A Cathay Pacific pilot told in late December that dozens of experienced pilots had resigned after being required to be isolated at home after arrival in mid-November.

Cathay chairman Patrick Healy said the airline would fully cooperate with the government’s investigation into the alleged quarantine violations among the airline’s staff.

He said its recent practice of allowing crew who served on outbound passenger flights to return to Hong Kong on cargo flights was in line with government regulations and officials were aware of it.

A Cathay Pacific cargo plane. Photo: WikiCommons

“We have made fully transparent and accurate declarations for every crew member who was rostered on those flights to the relevant authorities,” Healy said.

Sunny Ho, an executive of The Hong Kong Shippers’ Council, said Hong Kong’s high-end restaurants would probably face a shortage of food. Ho said logistic costs for foreign electronic products, chips and high precision instruments could double, resulting in a 10% rise in prices.

Elsa Yuen, President of Hong Kong Logistics Association, said the supply of imported high-quality food was declining, while prices kept rising.

Yuen said it was likely the supply of fresh food, medical and electronics products would be hurt by the tightened quarantine rules. She hoped the situation would improve after the Chinese New Year holiday next month.

Richard Poon Kuen-fai, the managing director of On Kee Dry Seafood, said his company had imported 20-30% of its products such as frozen hemifusus, or sea snails, and canned abalone by air over the past year, given that global shipping services remained unstable.

Poon said if logistic costs continued to grow, the company would have no choice but to transfer the additional costs to consumers.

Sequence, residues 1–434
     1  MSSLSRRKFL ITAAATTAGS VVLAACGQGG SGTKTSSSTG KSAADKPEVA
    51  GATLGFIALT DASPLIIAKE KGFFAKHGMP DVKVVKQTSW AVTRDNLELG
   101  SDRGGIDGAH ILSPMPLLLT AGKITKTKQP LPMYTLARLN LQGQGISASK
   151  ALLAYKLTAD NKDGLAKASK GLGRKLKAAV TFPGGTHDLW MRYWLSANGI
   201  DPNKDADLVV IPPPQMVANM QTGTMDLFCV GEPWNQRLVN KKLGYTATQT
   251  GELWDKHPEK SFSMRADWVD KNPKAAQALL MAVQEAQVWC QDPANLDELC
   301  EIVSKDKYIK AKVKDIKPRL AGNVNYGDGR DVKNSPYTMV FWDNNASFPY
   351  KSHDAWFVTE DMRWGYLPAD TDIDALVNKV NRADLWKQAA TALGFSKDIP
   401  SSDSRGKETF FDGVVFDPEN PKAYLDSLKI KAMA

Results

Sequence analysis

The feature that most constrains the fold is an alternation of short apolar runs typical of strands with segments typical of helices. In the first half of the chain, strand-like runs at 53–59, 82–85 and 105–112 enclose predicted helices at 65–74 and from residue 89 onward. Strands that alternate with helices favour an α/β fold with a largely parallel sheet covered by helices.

Hong Kong restaurants, like this one in Stanley, could soon face shortages of imported food or have to increase their prices. Photo: WikiCommons

Gary Lau, chairman of the Hongkong Association of Freight Forwarding And Logistics Ltd, said due to the tightened quarantine rules for aircrew, logistic costs by air would increase by 30% to 40%. Lau said the situation would not improve in the short term as most incoming air flights had been full.

Over the past two years, mainland China has adopted a “zero local infections” strategy so its factories could stay open throughout the pandemic. However, after some Omicron cases were identified in the country last month, some ports and factories had been closed temporarily.

Analysts said any significant manufacturing or logistic shutdown in China caused by the pandemic would have a massive impact on global supply chains and the prices of many goods.

In recent weeks, virus outbreaks in Shaanxi and Henan province and Tianjin city have already triggered shutdowns to clothing factories and gas deliveries in Ningbo and disruptions at computer chip manufacturers in the locked-down city of Xi’an.

Read: China’s ‘closed-loop’ aims to avoid an Omicron Olympics

Follow Jeff Pao on Twitter at @jeffpao3